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Memories Of The People's Diplomat

Members of the Waterville Committee had tears in their eyes when the mournful news about her death arrived. She had not attained the age of 81 years, that would have come in a few weeks, on October, 8 [actually October 7.]

She burst into Kotlas life as a messenger of good will, having punched a breach in a wall of alienation, misunderstandings, and ignorance about the real America and its people. She opened America to us. Hundreds, probably thousands, of townspeople had grown fond of Natalia — cheerful, active, inquisitive. While her strength allowed, Natalia Alexeevna strove for her adored Kotlas — for its people whom she immensely respected and appreciated.

At one time, Mayor of Waterville David Bernier delivered to Victor Zverev a message which contained these words: "We are as two lost sisters, we have long searched for each other and at last have found each other."* And so, Natalia Kempers was first in line to bring Waterville and Kotlas together. Her name will go down forever in the history of our sister-cities. Both committees, in Kotlas and in Waterville, called her grandmother, the custodian of the fire of our friendship.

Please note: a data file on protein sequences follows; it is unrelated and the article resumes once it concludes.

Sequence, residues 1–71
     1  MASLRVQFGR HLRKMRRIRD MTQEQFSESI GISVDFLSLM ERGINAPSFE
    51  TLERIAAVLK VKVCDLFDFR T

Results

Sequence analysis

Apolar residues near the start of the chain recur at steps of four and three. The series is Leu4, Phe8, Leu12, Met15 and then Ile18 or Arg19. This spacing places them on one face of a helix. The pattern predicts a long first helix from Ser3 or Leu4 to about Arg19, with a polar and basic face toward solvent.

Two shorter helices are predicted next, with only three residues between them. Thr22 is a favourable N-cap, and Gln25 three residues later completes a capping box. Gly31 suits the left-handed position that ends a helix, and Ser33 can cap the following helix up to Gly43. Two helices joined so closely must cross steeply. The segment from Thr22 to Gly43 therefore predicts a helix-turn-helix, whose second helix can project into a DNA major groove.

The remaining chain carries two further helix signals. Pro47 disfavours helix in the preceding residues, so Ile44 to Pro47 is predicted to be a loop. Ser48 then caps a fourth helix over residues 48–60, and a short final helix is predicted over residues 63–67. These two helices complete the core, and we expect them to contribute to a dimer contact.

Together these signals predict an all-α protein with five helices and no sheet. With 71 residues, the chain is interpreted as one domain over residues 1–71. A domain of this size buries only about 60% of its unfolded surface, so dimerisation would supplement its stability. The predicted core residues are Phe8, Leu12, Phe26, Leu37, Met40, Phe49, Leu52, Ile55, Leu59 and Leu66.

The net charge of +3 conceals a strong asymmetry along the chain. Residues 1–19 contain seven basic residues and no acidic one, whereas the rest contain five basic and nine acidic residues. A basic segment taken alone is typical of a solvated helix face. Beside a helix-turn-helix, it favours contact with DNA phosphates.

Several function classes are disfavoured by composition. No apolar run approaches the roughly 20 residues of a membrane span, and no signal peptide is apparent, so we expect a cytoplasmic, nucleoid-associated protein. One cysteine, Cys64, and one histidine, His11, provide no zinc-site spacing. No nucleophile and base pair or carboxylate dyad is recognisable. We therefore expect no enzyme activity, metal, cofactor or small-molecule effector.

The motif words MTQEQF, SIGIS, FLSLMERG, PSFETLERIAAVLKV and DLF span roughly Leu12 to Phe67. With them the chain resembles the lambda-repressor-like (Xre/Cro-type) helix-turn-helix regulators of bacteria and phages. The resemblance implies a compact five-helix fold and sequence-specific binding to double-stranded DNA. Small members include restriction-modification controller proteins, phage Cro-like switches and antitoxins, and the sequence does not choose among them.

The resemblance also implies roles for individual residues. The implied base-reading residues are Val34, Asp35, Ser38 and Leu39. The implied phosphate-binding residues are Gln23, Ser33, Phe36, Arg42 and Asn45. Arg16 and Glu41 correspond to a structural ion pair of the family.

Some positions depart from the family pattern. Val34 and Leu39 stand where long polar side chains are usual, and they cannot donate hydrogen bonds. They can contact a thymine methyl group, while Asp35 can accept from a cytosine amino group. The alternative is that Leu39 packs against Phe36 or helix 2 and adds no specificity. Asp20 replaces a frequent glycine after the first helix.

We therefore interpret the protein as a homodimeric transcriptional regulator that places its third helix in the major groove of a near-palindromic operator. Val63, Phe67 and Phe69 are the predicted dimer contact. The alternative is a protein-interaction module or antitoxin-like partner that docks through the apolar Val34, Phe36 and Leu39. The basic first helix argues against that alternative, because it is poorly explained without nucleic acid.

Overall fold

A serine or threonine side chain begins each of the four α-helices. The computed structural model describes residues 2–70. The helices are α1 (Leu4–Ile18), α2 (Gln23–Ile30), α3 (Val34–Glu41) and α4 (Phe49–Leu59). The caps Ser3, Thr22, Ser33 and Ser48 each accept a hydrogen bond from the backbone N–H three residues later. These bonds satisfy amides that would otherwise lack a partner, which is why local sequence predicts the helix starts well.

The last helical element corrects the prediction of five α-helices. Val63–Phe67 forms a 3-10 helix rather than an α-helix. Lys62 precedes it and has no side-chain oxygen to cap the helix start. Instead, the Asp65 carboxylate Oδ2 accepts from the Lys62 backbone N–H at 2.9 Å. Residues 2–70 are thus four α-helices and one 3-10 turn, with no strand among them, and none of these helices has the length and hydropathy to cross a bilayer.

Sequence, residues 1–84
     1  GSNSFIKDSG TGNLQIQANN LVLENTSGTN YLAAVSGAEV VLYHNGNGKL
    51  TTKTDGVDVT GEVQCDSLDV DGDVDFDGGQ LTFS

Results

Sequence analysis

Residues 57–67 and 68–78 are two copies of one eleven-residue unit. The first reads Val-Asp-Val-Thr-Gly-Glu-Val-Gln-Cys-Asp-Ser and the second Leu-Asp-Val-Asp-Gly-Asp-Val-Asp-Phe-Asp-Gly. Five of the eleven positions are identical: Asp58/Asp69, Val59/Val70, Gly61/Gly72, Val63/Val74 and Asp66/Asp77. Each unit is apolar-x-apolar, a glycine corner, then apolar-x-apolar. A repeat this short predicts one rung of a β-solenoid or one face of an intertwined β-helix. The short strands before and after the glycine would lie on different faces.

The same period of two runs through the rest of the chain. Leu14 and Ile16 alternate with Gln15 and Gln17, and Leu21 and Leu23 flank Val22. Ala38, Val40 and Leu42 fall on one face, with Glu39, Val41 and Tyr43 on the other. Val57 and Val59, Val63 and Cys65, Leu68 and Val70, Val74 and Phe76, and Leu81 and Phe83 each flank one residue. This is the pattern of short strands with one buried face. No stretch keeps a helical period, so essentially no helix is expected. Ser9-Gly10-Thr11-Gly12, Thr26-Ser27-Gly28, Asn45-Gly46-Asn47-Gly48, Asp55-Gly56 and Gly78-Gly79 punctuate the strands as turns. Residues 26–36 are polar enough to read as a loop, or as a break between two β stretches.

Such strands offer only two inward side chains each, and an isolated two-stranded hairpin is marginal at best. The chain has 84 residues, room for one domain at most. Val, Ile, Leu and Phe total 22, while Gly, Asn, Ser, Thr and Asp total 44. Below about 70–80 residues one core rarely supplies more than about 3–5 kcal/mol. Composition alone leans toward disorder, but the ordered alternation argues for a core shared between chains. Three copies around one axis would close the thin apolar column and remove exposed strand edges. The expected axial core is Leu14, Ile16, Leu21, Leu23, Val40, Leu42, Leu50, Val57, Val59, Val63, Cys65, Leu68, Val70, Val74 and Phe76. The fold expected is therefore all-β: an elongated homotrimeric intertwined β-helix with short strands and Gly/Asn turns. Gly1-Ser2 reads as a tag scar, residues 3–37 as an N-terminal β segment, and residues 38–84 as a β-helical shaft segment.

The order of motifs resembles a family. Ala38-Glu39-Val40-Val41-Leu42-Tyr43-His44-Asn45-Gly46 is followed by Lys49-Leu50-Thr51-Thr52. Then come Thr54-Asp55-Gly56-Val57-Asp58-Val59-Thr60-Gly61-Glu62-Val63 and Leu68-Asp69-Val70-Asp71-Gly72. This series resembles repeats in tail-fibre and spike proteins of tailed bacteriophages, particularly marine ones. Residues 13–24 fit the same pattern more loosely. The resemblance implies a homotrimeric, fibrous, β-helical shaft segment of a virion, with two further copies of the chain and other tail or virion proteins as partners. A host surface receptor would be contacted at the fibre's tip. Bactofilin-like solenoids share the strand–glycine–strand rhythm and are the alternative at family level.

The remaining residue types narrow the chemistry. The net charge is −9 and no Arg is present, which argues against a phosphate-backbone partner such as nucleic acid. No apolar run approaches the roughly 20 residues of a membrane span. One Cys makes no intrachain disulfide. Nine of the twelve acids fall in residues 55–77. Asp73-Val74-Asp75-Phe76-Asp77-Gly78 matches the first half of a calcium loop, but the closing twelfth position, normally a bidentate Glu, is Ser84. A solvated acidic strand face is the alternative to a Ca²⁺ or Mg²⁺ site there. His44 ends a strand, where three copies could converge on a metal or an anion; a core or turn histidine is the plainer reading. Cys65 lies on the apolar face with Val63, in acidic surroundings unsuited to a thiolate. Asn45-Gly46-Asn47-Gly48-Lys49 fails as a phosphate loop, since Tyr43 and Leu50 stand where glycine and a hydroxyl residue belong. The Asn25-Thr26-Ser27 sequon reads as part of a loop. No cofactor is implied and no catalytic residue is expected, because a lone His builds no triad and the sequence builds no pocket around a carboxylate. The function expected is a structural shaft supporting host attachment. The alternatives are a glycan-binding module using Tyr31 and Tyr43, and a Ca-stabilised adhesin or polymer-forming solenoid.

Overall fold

They say that Natalia Alexeevna mentioned: "I want my ashes to be dispersed above the Neva [in St. Petersburg], the Kennebec, and the Dvina." She was a geunine people's diplomat, a messenger to the world — with a sympathetic Russian soul.

*This text comes from a proclamation written by Peter Garret, who cofounded the sister city pairing with Natalia Kempers. The original English version actually read, "We are as long lost cousins to each other. We have found you and are glad." In June 1991, David Bernier, who was then mayor of Waterville, presented a calligraphered version of the proclamation to to Victor Zverev, the then-mayor of Kotlas, when Bernier, Garret, and seven others visited our sister city.

This memorial notice originally appeared in Dvinskaya Pravda, Kotlas's daily newspaper, on October 6, 2004. Ellen Corey translated it into English.